Bees spend about 21 days as brood, (from egg to pupa). During 12 of these days, the brood cell will be capped. The cells help to keep the brood warm. When bees initially place the wax into cells, the cells have a circular shape. Only after the workers heat up the beeswax, will it turn into a hexagonal shape, providing greater strength and optimal space utilization.6 The cell is capped approximately 5-6 days after the egg has been laid. The wax secreted by bees is a natural waterproofing agent, and it helps to keep the hive warm and dry. The wax also provides a smooth surface for the bees to walk on, and it makes the hive strong and sturdy.10

Bees use their hive as a dance floor and communicate distance and direction using the “round dance” or the “waggle dance”. The round dance communicates that the food source is near the hive, and when the food source is at a greater distance, worker bees perform the waggle dance.2

Travis Schwalm, has been a beekeeper for three years. Having started out with a secondhand colony, the most cost-effective way to start beekeeping,9 he showed me how to “uncap” the beeswax with a special fork.5 He told me that a year of wax capping provides only one quart of beeswax.

Beeswax is one of the miracles of nature. It is a natural byproduct of building hives 7 and has a variety of uses. Beeswax can be used instead of plastic wrap, as a seal, as a wood conditioner/polish, in desserts, shoe polish, candles, soaps, paw wax, bug bite serum, natural deodorant, lip balm, hair balm, body butter, scar lotion, a salve for cracked heels, nose balm, sunscreen, beeswax crayons, and as a diaper rash cream!

I enjoy using beeswax to make candles and soaps that I give as gifts to my friends and family.

Without bees, our whole ecosystem will fall apart. There is nothing more beneficial than a natural product with anti-bacterial and anti-inflammatory properties, as well as a long shelf life. Beeswax is edible, versatile, and useful. We should be extremely grateful for God’s wonderful creation of the bee and beeswax, a gift from the bees directly to us.

Bibliography 

    1. Ahnert, Beeswax Alchemy: How to Make Your Own Soap, Candles, Balms, Creams, and Salves from the Hive, 2015.
    2. Blackiston, Beekeeping For Dummies. John Wiley & Sons, 2020.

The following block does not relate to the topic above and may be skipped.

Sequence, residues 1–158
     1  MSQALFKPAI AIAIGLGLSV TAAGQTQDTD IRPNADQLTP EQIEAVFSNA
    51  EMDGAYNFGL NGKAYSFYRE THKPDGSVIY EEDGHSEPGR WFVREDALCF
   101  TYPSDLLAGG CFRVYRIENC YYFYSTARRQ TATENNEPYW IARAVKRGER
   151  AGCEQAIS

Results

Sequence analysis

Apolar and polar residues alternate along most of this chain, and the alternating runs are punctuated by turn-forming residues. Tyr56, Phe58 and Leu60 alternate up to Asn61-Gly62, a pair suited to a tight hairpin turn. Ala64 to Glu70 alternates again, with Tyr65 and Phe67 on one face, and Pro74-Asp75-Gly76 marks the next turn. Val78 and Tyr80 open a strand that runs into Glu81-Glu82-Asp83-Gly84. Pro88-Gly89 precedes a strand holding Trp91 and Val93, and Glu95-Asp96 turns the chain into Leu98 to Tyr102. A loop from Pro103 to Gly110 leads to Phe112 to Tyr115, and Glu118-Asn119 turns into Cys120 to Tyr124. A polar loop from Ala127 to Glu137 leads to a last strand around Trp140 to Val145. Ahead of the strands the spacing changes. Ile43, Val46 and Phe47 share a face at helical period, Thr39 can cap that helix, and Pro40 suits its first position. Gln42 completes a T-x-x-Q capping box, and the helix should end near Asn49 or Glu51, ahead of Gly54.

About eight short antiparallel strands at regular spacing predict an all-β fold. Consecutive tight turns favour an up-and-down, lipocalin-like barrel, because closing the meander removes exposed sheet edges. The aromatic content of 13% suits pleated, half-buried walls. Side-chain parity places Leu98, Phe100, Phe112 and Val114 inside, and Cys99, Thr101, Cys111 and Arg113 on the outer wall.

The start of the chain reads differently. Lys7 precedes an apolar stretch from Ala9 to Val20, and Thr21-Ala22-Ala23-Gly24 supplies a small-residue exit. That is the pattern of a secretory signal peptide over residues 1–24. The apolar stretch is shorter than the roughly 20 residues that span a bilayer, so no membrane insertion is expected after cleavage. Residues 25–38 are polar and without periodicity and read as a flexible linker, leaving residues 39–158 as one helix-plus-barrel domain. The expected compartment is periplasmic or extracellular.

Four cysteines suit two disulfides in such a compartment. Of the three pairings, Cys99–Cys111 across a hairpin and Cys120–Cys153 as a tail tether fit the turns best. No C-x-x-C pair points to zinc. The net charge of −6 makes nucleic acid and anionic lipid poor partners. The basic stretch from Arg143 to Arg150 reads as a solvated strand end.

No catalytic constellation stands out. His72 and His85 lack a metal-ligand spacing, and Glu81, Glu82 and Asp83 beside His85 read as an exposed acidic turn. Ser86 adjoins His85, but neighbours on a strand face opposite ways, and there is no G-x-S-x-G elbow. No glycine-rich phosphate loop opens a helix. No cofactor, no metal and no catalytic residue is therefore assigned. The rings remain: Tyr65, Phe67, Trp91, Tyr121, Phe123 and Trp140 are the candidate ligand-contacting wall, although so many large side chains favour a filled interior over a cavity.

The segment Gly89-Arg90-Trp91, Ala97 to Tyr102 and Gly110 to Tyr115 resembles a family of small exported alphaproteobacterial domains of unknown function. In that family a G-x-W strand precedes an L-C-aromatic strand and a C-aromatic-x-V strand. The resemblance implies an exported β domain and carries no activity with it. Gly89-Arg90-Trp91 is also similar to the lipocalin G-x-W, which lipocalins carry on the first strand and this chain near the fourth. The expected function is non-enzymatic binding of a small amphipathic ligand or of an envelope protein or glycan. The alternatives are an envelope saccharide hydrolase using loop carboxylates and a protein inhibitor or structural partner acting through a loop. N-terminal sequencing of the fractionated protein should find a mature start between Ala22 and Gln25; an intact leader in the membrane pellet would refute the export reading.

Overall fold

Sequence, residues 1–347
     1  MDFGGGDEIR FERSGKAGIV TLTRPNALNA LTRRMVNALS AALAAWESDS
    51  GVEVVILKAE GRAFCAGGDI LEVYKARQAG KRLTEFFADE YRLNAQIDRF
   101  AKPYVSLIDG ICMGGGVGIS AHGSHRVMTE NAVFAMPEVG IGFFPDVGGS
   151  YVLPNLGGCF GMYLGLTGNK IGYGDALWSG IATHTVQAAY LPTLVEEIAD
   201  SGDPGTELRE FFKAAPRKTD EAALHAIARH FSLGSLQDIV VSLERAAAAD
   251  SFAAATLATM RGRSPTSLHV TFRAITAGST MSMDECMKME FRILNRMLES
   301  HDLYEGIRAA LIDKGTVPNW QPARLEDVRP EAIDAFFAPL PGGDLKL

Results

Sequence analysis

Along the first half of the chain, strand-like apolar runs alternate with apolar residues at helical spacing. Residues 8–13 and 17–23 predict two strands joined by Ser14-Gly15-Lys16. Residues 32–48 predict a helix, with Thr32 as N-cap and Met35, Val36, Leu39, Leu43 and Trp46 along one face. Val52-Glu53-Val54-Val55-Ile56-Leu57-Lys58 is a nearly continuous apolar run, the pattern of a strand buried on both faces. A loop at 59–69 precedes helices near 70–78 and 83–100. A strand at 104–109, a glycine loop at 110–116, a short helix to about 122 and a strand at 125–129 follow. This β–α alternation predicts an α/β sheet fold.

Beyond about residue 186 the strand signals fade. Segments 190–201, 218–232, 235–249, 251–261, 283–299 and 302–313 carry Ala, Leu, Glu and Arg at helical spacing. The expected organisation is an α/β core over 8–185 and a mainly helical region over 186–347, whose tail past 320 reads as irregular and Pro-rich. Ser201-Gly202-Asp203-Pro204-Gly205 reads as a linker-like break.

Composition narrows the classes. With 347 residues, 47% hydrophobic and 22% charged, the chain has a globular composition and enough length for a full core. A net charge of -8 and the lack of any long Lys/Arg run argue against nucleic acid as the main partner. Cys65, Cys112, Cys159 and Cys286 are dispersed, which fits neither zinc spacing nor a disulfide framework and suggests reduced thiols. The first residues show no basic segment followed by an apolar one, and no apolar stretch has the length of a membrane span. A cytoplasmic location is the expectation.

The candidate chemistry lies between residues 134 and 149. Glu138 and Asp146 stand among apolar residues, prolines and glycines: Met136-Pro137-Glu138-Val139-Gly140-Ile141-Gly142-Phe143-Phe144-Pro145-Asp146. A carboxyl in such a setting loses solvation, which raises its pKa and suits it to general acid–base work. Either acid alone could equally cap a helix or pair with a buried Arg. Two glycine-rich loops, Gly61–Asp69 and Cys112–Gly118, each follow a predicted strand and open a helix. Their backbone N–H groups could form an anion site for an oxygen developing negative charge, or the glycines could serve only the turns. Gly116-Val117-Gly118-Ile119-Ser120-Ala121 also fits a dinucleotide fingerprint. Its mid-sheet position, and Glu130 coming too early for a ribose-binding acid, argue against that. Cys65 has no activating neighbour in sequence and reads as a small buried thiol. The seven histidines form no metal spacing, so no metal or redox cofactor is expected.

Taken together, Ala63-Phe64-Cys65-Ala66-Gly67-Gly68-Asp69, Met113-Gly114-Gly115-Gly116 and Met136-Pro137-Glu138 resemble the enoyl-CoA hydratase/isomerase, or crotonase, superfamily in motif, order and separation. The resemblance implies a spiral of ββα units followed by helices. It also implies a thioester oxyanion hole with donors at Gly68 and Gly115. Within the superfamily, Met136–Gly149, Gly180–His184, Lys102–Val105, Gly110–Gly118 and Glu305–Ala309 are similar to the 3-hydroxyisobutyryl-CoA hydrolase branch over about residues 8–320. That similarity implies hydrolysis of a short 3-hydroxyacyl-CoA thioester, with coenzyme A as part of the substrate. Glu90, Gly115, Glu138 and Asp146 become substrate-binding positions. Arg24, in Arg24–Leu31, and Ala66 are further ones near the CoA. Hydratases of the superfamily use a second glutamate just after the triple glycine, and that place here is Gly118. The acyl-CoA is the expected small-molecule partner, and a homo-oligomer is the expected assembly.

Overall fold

3. Bruneau, The Benevolent Bee: Capture the Bounty of the Hive through Science, History, Home Remedies, and Craft. Quarto Publishing Group USA, 2017.
    4. Coggshall, William , and Roger A. Morse. Beeswax: Production, Harvesting, Processing, and Products, 1984.
    5. Flottum, The Backyard Beekeeper, 4th Edition: An Absolute Beginner’s Guide to Keeping Bees in Your Yard and Garden, 2018.
    6. Karihaloo, L; Zhang, K. Honeybee combs: How the circular cells transform into rounded hexagons. September 6, 2013.
    7. McBride, The Complete Laymans Guide to Beeswax. Ravenna Publishing House, 2021
    1. Millar, “The Importance of Bees to Humans, the Planet, and Food Supplies,” May 18, 2021. https://www.medicalnewstoday.com/articles/why-are-bees-
    important-to-humans#why-are-bees-important
    1. Morse, Roger A Year in the Beeyard. Scribner Book Company, 1983.
    2. Pittman, “How Do Bees Make Wax & How Do They Use It?” Misfit Animals, December 13, 2021. https://misfitanimals.com/bees/how-do-bees-make-wax/.
    3. Readicker-Henderson, A Short History of the Honey Bee: Humans, Flowers, and Bees in the Eternal Chase for Honey. Timber Press, 2009.
    4. Svecnjak, ” Standard methods for Apis mellifera Beeswax Research,” March 20,2019.
    5. Wikipedia “Beeswax.” Wikipedia, March 25, 2023.
Non-Toxic Wood Polish Ingredients

Add beeswax and olive oil in the double boiler and let it melt, stirring occasionally. Once the beeswax has melted, add Vitamin E along with the essential oil. Stir thoroughly and pour into resealable jar. Let cool overnight before using.

Beeswax Tuile

Place a block of beeswax in the freezer to solidify fully. Once cold, grate a thin even layer on a baking sheet covered in parchment paper. Little holes will help air flow, so it does not need to be a solid layer.

Pop it in a preheated oven at 375 ⁰ F until lightly browned and crisp, just a few minutes. Let cool before peeling it off the parchment paper. It’s a light, crunchy snack that tastes like delicate floral and honey combination.